I’m not really sure what the point of Dionne’s op-ed
is in today’s WaPo, but it briefly touches on something that I’d like to take a bit further.
Surely it was coincidence, but I couldn't help notice that in the same week Reed lost, Graham was celebrated in a front-page New York Times profile representative of his rise to national prominence. I chatted with Graham by phone on Tuesday (as it happens, before the polls had closed in Georgia) and Graham suggested that his party needs to unlearn some of the lessons supposedly taught six years ago by his state's primary.
Republicans, he said, need to move beyond mobilizing their base "because our base isn't big enough to propel us to victory 10 years from now."
Conservatives -- of which Graham is emphatically one -- should be wary of a politics based on the idea that to satisfy your own core supporters, "the other side's got to be miserable."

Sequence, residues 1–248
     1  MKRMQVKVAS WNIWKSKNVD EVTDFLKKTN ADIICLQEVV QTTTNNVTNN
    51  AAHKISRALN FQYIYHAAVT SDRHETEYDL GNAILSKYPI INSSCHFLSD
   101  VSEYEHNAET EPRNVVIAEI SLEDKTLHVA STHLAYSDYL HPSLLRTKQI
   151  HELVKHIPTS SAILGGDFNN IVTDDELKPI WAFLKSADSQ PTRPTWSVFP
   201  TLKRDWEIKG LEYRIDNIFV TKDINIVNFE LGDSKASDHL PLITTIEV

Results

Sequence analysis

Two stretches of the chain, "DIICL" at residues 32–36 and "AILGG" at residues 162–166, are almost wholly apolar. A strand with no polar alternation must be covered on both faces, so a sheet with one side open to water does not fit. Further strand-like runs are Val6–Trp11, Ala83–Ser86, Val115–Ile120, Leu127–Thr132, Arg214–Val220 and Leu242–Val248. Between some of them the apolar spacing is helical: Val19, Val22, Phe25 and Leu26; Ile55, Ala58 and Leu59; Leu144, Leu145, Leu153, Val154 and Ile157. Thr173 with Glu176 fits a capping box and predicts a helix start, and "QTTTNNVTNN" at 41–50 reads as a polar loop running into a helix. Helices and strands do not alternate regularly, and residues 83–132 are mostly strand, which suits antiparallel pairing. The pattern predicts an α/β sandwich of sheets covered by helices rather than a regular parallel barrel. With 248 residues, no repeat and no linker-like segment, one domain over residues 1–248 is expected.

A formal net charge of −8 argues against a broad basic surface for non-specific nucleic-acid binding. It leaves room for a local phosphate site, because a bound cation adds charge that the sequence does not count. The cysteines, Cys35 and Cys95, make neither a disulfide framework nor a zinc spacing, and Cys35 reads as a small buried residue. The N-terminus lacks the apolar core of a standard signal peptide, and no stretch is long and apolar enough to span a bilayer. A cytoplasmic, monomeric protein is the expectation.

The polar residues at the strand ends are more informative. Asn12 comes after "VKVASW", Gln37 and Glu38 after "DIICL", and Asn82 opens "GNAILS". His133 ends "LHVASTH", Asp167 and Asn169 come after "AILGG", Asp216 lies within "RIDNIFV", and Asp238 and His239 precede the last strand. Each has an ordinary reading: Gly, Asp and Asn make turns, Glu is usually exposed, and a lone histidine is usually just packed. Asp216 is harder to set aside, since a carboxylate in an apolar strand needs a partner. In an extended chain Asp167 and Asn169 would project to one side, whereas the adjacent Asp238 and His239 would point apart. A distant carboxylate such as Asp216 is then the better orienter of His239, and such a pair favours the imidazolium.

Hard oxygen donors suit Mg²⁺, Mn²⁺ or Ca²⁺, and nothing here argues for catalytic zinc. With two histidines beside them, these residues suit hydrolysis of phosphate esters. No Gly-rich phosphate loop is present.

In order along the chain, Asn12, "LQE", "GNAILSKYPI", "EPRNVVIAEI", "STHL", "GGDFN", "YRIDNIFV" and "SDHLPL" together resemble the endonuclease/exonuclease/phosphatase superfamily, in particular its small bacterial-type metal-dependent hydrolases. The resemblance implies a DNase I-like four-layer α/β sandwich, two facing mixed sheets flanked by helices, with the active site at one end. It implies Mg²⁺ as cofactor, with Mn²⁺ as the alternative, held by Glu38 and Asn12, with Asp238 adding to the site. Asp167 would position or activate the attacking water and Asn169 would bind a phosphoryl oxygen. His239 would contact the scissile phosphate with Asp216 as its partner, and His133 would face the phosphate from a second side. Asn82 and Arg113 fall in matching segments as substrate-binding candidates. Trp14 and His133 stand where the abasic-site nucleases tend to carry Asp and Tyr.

"I want conservatism to be seen as a good solution to people's problems and not go the way of liberals," Graham said. "Liberalism is not a title easily worn now, and that could happen to conservatism."
At this moment in history, Republicans are at a crossroads. They can either become a pawn of their far-right base, dooming them for years to come, or they can move back towards the middle, where they will find much more success.
The question is, are there enough moderate Republicans left to take control from the extremists?